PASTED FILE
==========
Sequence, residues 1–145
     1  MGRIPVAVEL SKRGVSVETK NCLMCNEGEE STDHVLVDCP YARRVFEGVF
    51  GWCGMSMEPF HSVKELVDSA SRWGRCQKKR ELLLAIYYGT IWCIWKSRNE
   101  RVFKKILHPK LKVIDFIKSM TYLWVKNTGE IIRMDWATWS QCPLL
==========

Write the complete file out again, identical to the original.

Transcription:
Sequence, residues 1–145
     1  MGRIPVAVEL SKRGVSVETK NCLMCNEGEE STDHVLVDCP YARRVFEGVF
    51  GWCGMSMEPF HSVKELVDSA SRWGRCQKKR ELLLAIYYGT IWCIWKSRNE
   101  RVFKKILHPK LKVIDFIKSM TYLWVKNTGE IIRMDWATWS QCPLL